Jimmy Song recently published a great article about what the Taproot upgrade could be for Bitcoin estate planning (video here). Taproot is the recent upgrade to the Bitcoin protocol, and we’ll do our best to outline Jimmy’s article in layman’s and through the lens of an experienced executor.
What are scriptspends?
Taproot has added programmable spend instructions called scriptspends. As Jimmy writes, “Taproot essentially allows you to have as many alternative conditions for unlocking your Bitcoins as you want, making the addition of recovery options to be easy.”
In past blogs, we’ve discussed other solutions like an emailed dead man’s switch and sharding your phrase into several pieces. This upgrade potentially does away with all of that while using more elegant solutions.
Cryptocurrency tools keep evolving for the better, and we can’t wait to see ideas get developed.
Potential recovery options with Taproot
With Taproot, you can “recover your UTXOs with a 2-of-5 multisig of 5 friends that don’t know each other.”
I am not sure how this is different from existing multisig solutions. Perhaps Taproot just makes it easier to implement a multisig? If you can enlighten me, please send me an email or comment.
2. 1-year time lock
This seems to be a type of “unclaimed funds” mechanism, where after a year of inactivity, access switches to a key held by a third party. As long as you access this Bitcoin once a year to show that it is an active account, nothing happens. But inactivity after 1 year authorizes the scriptspend to automatically give a third-party a key to access. Perhaps this should be a default setting for new wallets.
Just like searching for unclaimed bank accounts after someone has died, this recovery option gives someone a way to recover, rather than being lost forever.
3. Degrading multisig
Jimmy writes that you can ”recover using a gracefully degrading multisig of 3 of your family members where 3-of-3 is for immediate recovery, 2-of-3 after 6 months and 1-of-3 after a year.”
For example, after 6 months of inactivity you would need 3 keys to spend. But after an another 6 months, sort of assuming you don’t have access to 3 keys, your multisig requirement would reduce to just 2 keys. And eventually to just 1 key. Again, in the name of avoiding catestrophic loss.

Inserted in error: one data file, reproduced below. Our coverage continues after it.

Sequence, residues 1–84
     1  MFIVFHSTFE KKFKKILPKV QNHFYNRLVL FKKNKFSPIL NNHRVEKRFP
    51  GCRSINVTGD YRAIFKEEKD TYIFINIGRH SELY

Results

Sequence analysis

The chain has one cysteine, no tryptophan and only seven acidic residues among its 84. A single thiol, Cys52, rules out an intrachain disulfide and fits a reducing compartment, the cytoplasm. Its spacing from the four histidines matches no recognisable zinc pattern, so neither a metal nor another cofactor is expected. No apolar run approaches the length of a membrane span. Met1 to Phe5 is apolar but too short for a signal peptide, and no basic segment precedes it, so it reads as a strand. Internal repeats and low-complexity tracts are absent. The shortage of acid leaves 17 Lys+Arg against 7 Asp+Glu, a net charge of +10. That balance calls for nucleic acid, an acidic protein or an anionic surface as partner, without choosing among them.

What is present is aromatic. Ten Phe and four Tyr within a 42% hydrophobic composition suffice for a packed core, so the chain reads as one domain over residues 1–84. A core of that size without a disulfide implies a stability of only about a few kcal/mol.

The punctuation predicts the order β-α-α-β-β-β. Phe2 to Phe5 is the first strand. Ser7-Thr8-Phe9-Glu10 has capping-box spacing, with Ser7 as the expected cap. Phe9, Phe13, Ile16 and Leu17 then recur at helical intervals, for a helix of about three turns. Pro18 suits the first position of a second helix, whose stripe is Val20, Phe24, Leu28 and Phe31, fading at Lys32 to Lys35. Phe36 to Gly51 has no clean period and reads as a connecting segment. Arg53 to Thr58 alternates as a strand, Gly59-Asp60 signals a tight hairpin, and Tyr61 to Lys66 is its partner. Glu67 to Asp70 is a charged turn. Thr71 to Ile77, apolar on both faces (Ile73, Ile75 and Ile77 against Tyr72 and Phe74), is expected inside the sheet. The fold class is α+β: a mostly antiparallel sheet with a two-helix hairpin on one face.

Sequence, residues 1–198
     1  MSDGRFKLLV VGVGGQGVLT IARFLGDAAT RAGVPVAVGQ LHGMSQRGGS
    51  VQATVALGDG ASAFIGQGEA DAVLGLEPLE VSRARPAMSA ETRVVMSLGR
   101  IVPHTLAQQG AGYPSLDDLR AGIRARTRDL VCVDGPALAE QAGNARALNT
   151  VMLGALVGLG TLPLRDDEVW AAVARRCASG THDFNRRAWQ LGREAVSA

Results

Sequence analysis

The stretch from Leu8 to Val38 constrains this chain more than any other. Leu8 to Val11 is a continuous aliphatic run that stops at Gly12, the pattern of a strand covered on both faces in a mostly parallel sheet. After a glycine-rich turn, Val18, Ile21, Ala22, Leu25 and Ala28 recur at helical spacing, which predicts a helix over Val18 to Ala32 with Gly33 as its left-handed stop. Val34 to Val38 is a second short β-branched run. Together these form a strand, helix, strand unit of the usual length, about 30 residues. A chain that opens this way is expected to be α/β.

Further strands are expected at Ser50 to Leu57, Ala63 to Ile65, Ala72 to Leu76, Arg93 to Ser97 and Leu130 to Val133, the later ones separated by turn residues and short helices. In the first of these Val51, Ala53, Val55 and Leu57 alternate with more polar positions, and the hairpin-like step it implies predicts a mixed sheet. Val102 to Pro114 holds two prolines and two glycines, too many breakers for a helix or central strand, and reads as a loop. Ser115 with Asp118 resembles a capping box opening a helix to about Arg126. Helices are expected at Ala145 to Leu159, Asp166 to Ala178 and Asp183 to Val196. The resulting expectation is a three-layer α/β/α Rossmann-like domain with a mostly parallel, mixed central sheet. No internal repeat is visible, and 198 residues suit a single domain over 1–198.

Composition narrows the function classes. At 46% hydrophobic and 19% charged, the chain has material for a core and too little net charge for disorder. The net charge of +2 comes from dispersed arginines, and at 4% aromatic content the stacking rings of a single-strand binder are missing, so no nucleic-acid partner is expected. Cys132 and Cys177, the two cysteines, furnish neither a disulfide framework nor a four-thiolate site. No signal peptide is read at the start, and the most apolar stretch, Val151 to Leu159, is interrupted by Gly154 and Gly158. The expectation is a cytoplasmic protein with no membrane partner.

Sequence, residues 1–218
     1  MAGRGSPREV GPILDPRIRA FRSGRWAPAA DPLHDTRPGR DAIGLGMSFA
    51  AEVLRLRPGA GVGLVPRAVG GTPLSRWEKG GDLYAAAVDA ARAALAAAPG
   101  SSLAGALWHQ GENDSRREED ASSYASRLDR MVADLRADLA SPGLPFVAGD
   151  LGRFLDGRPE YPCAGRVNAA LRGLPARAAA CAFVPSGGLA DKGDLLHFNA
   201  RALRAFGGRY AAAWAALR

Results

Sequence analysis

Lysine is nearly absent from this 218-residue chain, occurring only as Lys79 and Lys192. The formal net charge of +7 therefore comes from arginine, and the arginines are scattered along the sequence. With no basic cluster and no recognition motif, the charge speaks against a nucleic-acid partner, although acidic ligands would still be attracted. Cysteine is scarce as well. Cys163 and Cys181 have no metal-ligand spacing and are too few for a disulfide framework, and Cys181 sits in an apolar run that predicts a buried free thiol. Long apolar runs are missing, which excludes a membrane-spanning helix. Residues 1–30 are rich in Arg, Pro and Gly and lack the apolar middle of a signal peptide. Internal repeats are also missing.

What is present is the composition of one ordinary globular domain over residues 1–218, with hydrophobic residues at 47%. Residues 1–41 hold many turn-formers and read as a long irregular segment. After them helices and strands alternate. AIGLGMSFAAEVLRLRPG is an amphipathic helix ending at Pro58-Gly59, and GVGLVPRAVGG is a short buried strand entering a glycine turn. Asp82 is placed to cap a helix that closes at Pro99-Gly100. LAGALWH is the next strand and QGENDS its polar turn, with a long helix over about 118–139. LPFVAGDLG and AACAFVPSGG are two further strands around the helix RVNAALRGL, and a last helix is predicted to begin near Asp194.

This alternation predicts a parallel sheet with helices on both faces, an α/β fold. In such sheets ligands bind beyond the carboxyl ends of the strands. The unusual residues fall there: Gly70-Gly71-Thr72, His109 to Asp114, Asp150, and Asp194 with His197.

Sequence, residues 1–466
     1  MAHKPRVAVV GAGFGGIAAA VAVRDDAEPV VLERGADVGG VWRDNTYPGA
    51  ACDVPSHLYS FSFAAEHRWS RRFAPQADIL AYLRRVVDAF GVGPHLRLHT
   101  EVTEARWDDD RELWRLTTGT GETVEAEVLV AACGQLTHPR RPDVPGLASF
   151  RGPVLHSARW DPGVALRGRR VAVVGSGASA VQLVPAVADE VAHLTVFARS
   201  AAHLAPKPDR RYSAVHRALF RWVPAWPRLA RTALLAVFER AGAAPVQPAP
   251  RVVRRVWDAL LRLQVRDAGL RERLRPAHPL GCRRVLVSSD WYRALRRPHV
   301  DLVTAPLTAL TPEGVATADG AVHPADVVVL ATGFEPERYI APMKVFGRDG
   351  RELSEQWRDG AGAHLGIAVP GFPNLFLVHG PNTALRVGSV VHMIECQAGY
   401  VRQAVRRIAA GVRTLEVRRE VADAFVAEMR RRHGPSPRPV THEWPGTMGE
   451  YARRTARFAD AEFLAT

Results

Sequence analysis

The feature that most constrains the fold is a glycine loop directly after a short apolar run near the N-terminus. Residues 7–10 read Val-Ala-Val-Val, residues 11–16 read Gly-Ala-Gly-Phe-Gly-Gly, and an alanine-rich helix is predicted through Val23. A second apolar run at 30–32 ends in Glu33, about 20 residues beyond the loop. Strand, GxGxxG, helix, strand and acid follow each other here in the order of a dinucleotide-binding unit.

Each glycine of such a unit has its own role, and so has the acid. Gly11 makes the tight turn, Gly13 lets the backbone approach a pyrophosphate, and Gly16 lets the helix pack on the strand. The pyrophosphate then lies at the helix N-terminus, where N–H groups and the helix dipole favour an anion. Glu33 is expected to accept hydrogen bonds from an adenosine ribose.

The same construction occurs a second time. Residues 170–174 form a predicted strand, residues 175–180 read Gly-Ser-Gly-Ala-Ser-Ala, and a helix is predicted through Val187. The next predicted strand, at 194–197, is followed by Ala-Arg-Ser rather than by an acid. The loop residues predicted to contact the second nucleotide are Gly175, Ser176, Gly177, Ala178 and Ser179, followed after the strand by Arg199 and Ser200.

This is all to make up for the fact that Bitcoin is not like a regular bank. If you lose your password, there is no password recovery. You need multiple contingency plans, otherwise, it’s gone. You’re probably more likely to lose your password than to be hacked!
With scriptsprend, these options seem to be only limited by imagination of programmer. That’s very encouraging.
Private recovery options
Jimmy notes that “you only have to reveal the recovery method when you spend using it, so your friends don’t even have to know that they’re part of your backup plan! You just have to present them with what needs to be signed.”
So, if you name 3 people as your multisig members, they don’t have to know that they are back-up signors to a transaction. Similarly, you don’t have to tell someone that they are your executor; they can discover that upon reading your will.
The problem with this approach is that it assumes everyone knows how to (or is familiar with) use private keys. I’m not so sure this is realistic; we’re just not at that point in time yet. Maybe you have enough tech-saavy signors in your group to meet a quorum. Perhaps you can use Unchained or Casa as a back-up. Or maybe even a Bitcoin-savvy professional executor?
In this stage of development, it’s probably not smart to rely on 3 family members with digital signatures. You’ll need one or more people/companies who are familiar with the technical requirements.
If you want to learn more about how a professional executor can help , check out my book, “How to Hire an Executor,” available on Amazon. I don’t have a Bitcoin chapter yet, but you’ll get a sense of how choosing a professional can make things easier, especially for something complicated like an estate that includes Bitcoin.
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